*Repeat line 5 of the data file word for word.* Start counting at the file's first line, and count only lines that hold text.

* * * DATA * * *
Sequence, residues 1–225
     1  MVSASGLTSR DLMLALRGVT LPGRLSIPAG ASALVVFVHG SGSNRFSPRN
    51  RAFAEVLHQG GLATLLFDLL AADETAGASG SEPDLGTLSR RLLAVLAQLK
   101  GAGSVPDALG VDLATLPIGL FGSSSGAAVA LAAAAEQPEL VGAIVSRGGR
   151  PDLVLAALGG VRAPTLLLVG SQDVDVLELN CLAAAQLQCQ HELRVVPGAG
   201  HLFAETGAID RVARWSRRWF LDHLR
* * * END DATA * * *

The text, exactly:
   151  PDLVLAALGG VRAPTLLLVG SQDVDVLELN CLAAAQLQCQ HELRVVPGAG